Ore. drivers may face per-mile fee for fuel-thrifty cars
Bend car dealer calls proposal unfair
If you drive an electric car, you don't pay any gas tax, of course. But soon, you could pay something else, to help fund roads and maintenance.
When you fill up in Oregon, you pay about 48 cents a gallon in taxes--30 cents go to the state and help pay for road construction and maintenance, the other 18 cents are a federal gas tax.
But ODOT spokesman Peter Murphy said Thursday people are going to the pump less frequently -- and it's a problem.
Murphy said fuel efficiency is going up, and that means tax revenues from fuel excise taxes are going down
"This is a trend that has been happening, and you can see at some point you're going to get to a path where you run out of money, unless you do something different," he said.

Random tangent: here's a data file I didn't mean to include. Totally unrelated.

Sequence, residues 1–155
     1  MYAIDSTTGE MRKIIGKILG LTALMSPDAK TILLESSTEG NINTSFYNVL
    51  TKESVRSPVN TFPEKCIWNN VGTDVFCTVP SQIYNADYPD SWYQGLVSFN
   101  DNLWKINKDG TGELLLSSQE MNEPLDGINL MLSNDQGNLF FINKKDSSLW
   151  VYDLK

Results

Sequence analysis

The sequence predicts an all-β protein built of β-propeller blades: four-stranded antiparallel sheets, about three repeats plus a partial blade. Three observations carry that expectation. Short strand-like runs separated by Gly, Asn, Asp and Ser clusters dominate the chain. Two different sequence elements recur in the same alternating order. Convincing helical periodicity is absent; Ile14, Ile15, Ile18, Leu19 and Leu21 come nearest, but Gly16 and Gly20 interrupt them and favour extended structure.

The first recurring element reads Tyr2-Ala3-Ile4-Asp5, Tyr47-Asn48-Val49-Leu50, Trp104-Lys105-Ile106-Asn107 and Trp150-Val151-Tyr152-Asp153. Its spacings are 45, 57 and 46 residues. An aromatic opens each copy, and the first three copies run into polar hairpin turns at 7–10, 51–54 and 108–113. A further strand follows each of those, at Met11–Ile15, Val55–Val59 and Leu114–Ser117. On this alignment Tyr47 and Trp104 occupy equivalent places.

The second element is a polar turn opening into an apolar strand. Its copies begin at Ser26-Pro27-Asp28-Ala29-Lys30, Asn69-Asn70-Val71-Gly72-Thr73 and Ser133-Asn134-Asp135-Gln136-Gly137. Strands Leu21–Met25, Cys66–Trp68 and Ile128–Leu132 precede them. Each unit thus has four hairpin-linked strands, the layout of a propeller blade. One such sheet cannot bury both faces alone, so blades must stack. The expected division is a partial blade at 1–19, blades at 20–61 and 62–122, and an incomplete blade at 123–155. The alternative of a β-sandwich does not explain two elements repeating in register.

So ODOT is studying a new way to make everyone pay their fair share -- but it's not without controversy.
"It has the potential to minimize our sales," said Smolich Sales Manager Jack Coumas. "It's rather unfair -- you have certain vehicles and the government trying to push for better fuel economy, which counters the idea of by-mile vs. the economy of a vehicle."
Proposed legislation would impose a per-mile tax on cars getting more than 55 miles per gallon. ODOT began a pilot program in December for a road usage fee.
But how will the government track how many miles people drive? That could be the biggest point of controversy.
"What we are trying to do is find a third party who can somehow track the mileage someone travels within the state of Oregon," Murphy said. "We're trying to find a method that doesn't invade privacy."
Options being considered are GPS, other technologies or a flat annal fee.
Oregon is leading the way with this idea -- we may be the first, but not likely the last.
"It affects the whole country," Murphy said. "If I travel to California, if someone in California travels here, we can't just be Oregon on our own out here. And in fact the federal government is looking at what Oregon is doing, so it can be adopted perhaps across the country."
Murphy also said people with fuel-efficient gas-powered cars won't be taxed both by the mile and at the pump.
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